The thing we in the Real Estate industry hear the most these days is “wow you must be loving this red hot market” however, for the vast majority of us that is not the case. Realtors® who have made working in this field a full time career are struggling right now as they are not able to do what they feel is their best work. Working with Buyers is emotional at the best of times but couple that with prices rising on a weekly basis, writing sometimes as many as 5 offers until they get one accepted or seeing the Buyer being priced right out of the current market is heart breaking. While Sellers are getting record breaking prices for their homes, many are making some other form of purchase which suddenly sees them on the other side of the transaction with the stress of a Buyer. Oh – then there is the part where all of us are dealing with a global pandemic.
When we review sales data we tend to look back year over year, or the same month from the proceeding year to the current month, but given the lockdown began mid-March of 2020, the data is very skewed. While real estate remained an essential service, the uncertainty about how COVID-19 was being transmitted and how infectious it was, changed all of our day to day behaviours. Sellers took their homes off the market, provincial orders meant we could not access places with tenants, tenants could not be given notice to end tenancies and buyers were not prepared to enter properties. This continued until late June when things became a little clearer on how to stay safe and lockdown restrictions began to be lifted. As we moved into the summer, real estate activity began to ramp up and by the fall we saw the buyers flow into the market.
There are many reasons for this sudden surge. People wanting to leave the confides of urban settings, more space to work from home, more space to home school children, generational housing needs, family moving from other areas to be closer to loved ones, shift in lifestyle choices. For many in the Lower Mainland, Squamish is a logical choice, close to everything but a smaller community that sits on natures doorstep. Then in turn we saw long time Squamish locals wanting to move for many reasons, take this influx of buyers to achieve record sale prices for their properties. Coupled with needs of existing residents to move up or down in the housing continuum, the scramble began.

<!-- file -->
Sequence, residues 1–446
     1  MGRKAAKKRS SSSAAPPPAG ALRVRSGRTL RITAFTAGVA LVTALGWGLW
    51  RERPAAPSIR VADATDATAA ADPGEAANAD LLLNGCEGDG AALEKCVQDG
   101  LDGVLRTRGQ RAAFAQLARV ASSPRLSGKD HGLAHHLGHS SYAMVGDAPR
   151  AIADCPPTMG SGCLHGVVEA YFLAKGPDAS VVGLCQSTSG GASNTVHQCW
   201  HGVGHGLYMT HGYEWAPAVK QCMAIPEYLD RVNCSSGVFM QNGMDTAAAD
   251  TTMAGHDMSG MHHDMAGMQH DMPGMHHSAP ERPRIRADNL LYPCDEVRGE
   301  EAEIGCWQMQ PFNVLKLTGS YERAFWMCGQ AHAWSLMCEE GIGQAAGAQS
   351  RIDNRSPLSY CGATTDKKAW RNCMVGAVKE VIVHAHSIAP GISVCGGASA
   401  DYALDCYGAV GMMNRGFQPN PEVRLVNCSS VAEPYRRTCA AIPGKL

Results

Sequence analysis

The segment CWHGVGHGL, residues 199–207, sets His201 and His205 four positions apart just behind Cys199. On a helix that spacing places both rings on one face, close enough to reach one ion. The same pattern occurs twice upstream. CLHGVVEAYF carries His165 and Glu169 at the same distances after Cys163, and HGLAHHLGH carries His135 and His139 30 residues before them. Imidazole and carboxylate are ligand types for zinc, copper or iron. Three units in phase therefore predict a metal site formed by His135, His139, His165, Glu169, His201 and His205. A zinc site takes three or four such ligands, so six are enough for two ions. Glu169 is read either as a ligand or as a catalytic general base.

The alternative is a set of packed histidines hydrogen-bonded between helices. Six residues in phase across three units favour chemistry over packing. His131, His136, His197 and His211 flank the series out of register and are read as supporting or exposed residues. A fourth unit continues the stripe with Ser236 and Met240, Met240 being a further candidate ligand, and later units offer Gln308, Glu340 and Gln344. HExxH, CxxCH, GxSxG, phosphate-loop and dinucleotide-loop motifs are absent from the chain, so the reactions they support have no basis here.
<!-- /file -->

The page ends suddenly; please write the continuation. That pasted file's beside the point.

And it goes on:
At this point we have still not achieved the record number of sales that occurred in 2016 but we are now on track in 2021 to see that record eclipsed. There are some differences in the current market that do vary from 2016, lower interest rates, more money flowing out of family wealth to assist in purchases, the major shift in lifestyle, and needs brought on by COVID-19.
While all the talk about the “hot market” started in January you can see by the numbers below that the last quarter of 2020 in total sales volume saw more transactions occur. The bigger problem in the first quarter of 2021 has been the increase (sometimes on a weekly basis) of prices. The inventory of listings is 18.9% below the 10 year average for March, and the same conditions applied in January and February. Low interest rates have allowed buyers more flexibility in purchasing decisions and many have more savings as they are not spending it on travel, entertainment or dining out. What has been very different in the beginning of the year is the number of multiple offers that have occurred on the vast majority of properties. While there have been markets in the past that this has happened, it has never been to the extent we have been experiencing. We have seen townhomes with as many as 18 offers, homes with 12, and when this happens, a pricing war begins which sets the new price point for the next property to the market.
So, what does this all mean? Good question. Low inventory, low interest rates and people who have little control over many aspects of their lives can control where they live and want to buy now. There is the potential the Federal Government might try to cool the market by imposing a new stress test for mortgage qualification which may or may not help? It may cause the current panic to accelerate as buyers will need to get into a mortgage before the rules change? In the long term, the under supply of product is the biggest issue facing the housing market and until that problem starts to change, we should expect prices to remain high and we will see more buyers than there are homes.
Information deemed to be accurate, all information taken from the MLS Database, April 2021